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Josh Allen carries heavy offensive burden for Bills into playoffs

Josh Allen carries heavy offensive burden for Bills into playoffs

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Buffalo Bills 33, New England Patriots 21

Buffalo Bills quarterback Josh Allen (17) leaps over New England Patriots free safety Devin McCourty (32) for a first down in the second quarter on Dec. 26, 2021.

NFL defenses did a better job of preventing the Buffalo Bills from passing deep in 2021.

The production by the Bills’ running backs was more inconsistent in 2021 than it was in 2020.

The Bills’ offensive line personnel shuffled more in 2021 and endured more difficult games than in 2020.

Yet Josh Allen ranked second among all NFL quarterbacks in total touchdowns produced passing and rushing with 42, behind only Tampa Bay’s Tom Brady. Allen was fourth in total yards produced passing and rushing, at 5,160.

The Bills’ quarterback isn’t in the discussion for NFL most valuable player, as he was last year. He didn’t eclipse his team-record totals from 2020 in passing yards and passing touchdowns.

However, Allen arguably carried an even heavier load of the Bills’ offense in 2021 and produced one of the best quarterbacking seasons in Bills history.

“There's not another quarterback I'd rather have than him,” said Bills offensive coordinator Brian Daboll. “He just has such a strong, competitive nature built into him from his upbringing and what he stands for.”

“Four years together, I think that he's grown a lot, along with me. We have a great relationship and great trust on and off the field and I certainly have all the trust in the world in him when he's playing the game.”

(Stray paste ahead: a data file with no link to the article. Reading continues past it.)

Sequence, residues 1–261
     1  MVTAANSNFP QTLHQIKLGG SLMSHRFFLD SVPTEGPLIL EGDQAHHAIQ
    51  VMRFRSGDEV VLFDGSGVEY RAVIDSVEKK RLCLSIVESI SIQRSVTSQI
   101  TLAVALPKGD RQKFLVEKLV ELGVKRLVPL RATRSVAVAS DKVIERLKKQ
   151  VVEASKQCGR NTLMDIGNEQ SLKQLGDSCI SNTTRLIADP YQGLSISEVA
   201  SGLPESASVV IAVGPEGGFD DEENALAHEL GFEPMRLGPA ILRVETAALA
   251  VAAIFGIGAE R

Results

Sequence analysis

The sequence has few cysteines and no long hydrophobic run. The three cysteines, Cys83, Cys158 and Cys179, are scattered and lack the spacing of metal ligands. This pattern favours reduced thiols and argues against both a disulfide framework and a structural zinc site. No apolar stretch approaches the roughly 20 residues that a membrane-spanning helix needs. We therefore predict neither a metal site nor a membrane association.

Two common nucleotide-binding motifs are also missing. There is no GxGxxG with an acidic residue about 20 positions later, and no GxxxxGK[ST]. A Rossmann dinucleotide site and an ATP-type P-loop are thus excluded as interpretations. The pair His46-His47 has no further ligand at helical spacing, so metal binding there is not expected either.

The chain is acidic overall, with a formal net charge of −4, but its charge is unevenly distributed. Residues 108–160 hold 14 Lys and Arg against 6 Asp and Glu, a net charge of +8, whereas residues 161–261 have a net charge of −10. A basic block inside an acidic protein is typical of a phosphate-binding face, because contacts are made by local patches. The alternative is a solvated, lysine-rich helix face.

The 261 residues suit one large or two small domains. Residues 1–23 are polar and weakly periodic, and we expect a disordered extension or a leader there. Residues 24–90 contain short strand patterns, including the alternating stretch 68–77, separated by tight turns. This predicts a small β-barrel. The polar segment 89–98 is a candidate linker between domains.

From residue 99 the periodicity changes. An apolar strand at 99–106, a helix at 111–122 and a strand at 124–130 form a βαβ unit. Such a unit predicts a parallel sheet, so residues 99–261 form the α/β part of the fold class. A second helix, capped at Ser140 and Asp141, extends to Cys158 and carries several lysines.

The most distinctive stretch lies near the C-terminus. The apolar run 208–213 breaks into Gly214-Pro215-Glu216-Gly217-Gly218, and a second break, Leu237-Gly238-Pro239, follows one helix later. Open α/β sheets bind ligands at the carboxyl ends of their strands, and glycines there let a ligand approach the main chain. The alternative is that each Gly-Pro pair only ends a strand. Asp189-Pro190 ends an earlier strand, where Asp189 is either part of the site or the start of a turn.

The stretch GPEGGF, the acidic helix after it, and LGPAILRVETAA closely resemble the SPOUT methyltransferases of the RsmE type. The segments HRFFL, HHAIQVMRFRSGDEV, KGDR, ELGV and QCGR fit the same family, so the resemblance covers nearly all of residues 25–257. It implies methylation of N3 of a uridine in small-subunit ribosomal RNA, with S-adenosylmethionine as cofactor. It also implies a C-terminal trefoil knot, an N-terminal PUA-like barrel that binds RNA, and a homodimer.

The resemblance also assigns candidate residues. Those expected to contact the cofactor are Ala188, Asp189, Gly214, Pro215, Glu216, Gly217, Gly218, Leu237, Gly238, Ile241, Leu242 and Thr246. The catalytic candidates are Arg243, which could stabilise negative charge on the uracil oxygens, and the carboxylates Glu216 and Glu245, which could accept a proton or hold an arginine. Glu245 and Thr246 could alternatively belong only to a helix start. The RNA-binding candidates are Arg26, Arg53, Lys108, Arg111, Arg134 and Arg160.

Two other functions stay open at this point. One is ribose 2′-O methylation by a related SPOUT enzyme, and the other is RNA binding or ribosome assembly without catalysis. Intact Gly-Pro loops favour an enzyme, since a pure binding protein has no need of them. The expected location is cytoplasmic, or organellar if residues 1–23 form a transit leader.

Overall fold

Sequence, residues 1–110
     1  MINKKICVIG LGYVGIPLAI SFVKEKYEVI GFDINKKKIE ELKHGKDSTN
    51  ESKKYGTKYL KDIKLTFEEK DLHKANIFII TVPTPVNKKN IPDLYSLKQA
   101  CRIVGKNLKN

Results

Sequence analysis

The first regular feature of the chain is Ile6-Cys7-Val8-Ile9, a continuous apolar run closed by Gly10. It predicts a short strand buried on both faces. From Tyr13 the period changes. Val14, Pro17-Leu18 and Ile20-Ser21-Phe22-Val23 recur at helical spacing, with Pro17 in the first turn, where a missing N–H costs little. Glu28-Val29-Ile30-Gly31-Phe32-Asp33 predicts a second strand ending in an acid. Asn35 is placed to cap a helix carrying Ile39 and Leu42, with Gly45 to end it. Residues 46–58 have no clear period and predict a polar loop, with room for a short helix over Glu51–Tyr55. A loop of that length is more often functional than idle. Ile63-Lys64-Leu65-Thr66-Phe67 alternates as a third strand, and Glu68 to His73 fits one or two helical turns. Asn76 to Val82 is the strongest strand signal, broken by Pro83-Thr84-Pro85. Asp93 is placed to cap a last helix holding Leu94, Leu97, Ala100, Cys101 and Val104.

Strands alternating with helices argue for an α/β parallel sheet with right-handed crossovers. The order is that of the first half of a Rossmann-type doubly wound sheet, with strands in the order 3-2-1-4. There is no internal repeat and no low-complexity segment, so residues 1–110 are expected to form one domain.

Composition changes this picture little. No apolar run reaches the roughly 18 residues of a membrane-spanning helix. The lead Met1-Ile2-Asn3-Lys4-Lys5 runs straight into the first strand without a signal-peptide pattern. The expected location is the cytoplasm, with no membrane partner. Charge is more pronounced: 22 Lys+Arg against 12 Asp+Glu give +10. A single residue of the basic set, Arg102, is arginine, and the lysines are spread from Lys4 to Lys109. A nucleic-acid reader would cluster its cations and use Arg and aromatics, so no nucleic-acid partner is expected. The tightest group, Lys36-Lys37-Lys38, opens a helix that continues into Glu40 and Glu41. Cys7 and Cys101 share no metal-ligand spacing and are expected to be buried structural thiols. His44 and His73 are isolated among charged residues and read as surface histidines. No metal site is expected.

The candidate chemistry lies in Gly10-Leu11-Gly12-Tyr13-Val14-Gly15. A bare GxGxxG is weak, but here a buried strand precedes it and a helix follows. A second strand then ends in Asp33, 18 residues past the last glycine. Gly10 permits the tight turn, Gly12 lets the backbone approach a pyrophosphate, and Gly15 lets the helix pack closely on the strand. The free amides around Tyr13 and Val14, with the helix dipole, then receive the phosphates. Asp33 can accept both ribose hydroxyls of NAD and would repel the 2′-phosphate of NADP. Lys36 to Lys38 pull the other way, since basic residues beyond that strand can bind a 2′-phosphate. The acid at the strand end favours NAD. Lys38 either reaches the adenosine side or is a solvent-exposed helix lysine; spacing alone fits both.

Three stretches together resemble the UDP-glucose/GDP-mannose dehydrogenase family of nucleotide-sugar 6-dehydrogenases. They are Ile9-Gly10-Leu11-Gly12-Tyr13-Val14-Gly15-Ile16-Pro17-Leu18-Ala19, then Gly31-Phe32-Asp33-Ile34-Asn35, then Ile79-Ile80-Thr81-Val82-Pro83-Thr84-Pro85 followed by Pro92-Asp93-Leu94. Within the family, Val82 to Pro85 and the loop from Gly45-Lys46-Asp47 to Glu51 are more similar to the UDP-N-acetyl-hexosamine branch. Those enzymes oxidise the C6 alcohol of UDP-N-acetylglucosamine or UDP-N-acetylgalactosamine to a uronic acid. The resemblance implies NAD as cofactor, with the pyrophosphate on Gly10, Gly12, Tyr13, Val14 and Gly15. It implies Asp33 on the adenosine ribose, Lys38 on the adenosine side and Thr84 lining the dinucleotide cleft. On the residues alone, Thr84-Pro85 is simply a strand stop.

Consider the exclusive company Allen keeps.

He is one of only four players in NFL history to record 4,000-plus passing yards and 40 or more total touchdowns in consecutive seasons, joining Drew Brees (2011-13), Aaron Rodgers (2011-12) and Brady (2020-21). Allen hit those marks in 16 games this year. He also joined Brady, Brees, Rodgers, Patrick Mahomes and Peyton Manning as the only QBs with 4,000 yards and 35 passing TDs in back-to-back seasons.

Allen’s 36 touchdown passes were second most in Bills history, behind his total of 37 last year. His 4,407 passing yards also were second only to his 2020 total of 4,544.

Bills Jets first (copy)

Buffalo Bills quarterback Josh Allen (17) throws a touchdown pass to wide receiver Stefon Diggs (14) during the first quarter at Highmark Stadium in Orchard Park, Sunday, Jan. 9, 2022.

The dual-threat nature of Allen’s game continues to set him apart from almost everyone. He became the first NFL QB ever to have 4,000 passing yards and 750 rushing yards in a single season. Over his first four seasons, Allen has 134 touchdowns passing and rushing, second only to Dan Marino (144) in NFL history. Allen is the first QB ever to have four consecutive seasons of six-plus rushing TDs.

Despite all that production, the 2020 season was a hard act to follow. The Bills went 13-3 and ranked third in the NFL in passing.

Defenses made the Bills work harder for scores in 2021. The Bills had 66 pass plays of 20 or more yards in 2020, which was fourth best. In 2021, the Bills’ total dropped to 51, tied for 16th best. Allen completed more passes in 2021, but his yards per attempt dropped from fifth best (7.9) to 23rd (6.8).

It started right from the first game, with the Pittsburgh Steelers focusing on a four-man rush and protecting deep. The Steelers blitzed Allen once in 60 dropbacks. In Week 6, Tennessee blitzed Allen once in 57 dropbacks. The Bills’ offensive line had a terrible game against the Steelers. It played better vs. the Titans, and Allen attacked the Tennessee defense better. He passed for 353 yards and ran for 26. The Bills lost, 34-31, when Allen was stopped short of the end zone on a quarterback sneak in the final seconds.